PSU sociologists found women and people of color continue to complete apprenticeships at rates far lower than white men. Fifty-one percent of white men completed apprenticeships in 2014-15, while completion rates are 45 percent for men of color, 36 percent for white women, and 24 percent for women of color.
The Oregon Department of Transportation and Bureau of Labor and Industries have been receiving federal highway funds since 2010 to diversify the highway workforce. The PSU report, authored by sociologists Lindsey Wilkinson and Maura Kelly, points to discrimination as a factor. It follows a similar report in 2014.
“There seems to be something really important, particularly for disadvantaged workers, in having someone to talk to, someone to get advice from, about navigating challenging experiences that they might be having at work - helping them problem-solve,” said Kelly.
The study came away with five main conclusions: Oregon’s highway workforce is slowly getting more diverse; women and people of color continue to complete apprenticeships at lower rates than white men; women and people of color experience “hostile workplaces” in the trades; apprenticeship outreach is reaching a diverse set of participants; and support services improve completion rates for apprentices - especially women of color.
The study finds a majority of white women – and two-thirds of women of color – reported gender discrimination during their apprenticeships. The problem appears to have gotten worse for both groups since a similar study was conducted in 2014. Sixty-three percent of white women reported gender discrimination in 2016, up from 53 percent in 2014. Sixty-seven percent of women of color reported gender-based discrimination this year, up from about 65 percent, two years ago. The report finds harassment, unwanted sexual attention, and negative comments or jokes are all problems female apprentices reported on a regular basis.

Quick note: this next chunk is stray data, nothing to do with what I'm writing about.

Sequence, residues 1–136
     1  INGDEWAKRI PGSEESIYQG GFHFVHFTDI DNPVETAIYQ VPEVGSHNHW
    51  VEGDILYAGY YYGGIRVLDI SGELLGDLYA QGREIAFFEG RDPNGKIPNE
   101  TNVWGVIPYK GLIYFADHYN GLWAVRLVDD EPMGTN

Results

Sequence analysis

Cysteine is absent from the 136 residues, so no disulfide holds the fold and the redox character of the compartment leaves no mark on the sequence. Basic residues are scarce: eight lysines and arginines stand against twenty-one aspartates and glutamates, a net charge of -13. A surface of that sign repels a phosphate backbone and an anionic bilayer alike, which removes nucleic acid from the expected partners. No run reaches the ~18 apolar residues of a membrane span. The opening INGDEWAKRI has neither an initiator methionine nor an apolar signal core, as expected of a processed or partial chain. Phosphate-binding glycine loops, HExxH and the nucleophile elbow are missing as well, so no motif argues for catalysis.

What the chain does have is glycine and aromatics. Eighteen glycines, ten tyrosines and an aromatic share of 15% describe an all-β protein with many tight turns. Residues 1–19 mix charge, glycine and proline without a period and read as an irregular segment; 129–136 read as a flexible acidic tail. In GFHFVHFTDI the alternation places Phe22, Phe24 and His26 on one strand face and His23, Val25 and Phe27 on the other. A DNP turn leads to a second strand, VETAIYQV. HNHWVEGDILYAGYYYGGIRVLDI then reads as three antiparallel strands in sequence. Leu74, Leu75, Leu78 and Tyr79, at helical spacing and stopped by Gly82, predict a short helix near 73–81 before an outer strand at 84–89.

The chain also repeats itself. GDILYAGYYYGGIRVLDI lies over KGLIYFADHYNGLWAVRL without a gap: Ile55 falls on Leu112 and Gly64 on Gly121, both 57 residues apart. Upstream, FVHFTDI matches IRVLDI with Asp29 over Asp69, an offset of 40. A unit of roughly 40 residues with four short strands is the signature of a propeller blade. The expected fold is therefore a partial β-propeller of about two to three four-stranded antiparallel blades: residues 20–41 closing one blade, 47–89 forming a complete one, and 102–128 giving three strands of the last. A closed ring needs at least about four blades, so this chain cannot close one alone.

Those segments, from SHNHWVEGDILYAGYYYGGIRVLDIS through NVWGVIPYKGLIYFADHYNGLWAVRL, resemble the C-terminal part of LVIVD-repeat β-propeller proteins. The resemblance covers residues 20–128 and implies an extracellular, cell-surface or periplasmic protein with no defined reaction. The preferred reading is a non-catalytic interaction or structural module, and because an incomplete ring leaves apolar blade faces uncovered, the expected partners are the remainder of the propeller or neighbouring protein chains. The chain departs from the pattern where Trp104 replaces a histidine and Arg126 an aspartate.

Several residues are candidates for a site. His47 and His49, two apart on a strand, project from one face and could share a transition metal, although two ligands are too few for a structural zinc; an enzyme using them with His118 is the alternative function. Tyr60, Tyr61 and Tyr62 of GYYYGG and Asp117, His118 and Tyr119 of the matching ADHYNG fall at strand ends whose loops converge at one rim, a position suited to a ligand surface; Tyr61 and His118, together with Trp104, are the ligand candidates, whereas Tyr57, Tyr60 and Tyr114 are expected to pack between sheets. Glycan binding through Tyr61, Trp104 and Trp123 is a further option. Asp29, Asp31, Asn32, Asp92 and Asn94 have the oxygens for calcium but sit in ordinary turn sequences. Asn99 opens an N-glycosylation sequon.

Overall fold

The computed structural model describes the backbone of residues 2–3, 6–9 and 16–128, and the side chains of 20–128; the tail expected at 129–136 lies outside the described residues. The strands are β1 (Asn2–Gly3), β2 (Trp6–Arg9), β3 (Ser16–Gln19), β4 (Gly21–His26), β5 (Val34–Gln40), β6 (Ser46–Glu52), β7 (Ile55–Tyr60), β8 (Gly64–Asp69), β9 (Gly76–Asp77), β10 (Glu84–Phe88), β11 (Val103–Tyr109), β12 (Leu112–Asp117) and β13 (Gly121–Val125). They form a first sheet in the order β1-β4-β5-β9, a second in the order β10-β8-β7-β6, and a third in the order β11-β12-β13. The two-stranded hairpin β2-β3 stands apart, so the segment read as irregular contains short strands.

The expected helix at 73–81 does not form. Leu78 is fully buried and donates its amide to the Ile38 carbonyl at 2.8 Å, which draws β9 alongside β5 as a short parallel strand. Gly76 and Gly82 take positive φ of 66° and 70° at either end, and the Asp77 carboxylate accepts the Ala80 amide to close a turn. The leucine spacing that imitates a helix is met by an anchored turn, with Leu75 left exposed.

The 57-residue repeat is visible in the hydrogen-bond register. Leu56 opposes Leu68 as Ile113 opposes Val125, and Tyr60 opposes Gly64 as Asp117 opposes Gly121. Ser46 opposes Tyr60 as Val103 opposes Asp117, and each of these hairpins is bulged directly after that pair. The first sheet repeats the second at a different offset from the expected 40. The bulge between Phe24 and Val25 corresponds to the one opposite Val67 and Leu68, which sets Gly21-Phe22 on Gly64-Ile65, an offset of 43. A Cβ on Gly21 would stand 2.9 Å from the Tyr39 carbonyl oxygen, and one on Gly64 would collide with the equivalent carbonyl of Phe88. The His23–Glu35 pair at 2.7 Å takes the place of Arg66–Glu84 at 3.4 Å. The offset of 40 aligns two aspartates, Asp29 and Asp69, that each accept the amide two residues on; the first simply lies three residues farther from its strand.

The report gives ODOT and BOLI leaders some good news: federally-funded support services have helped women finish the programs in increasing numbers. The benefits are the strongest for women of color - whose completion rates jump from 24 percent to 56 percent, when they receive support services, such as fuel assistance, lodging for distant jobs, tools and work clothes, counseling and child care subsidies.
“[Thursday’s] report underscores the need for proactive measures so that more women and people of color have access to good jobs and economic advancement,” said Brad Avakian, Labor Commissioner and Democratic nominee for Oregon Secretary of State. “Both our highway construction workforce and our transportation infrastructure itself are aging. Despite the gains we’ve made diversifying the construction workforce, more work is needed to ensure harassment-free workplaces where apprentices can thrive.”
The PSU report updated recommendations from the 2014 “Measure of America” report. It pressed for more respectful workplaces and equal employment opportunities, as well as a continuation of the recruitment and support services geared toward diversifying the highway workforce.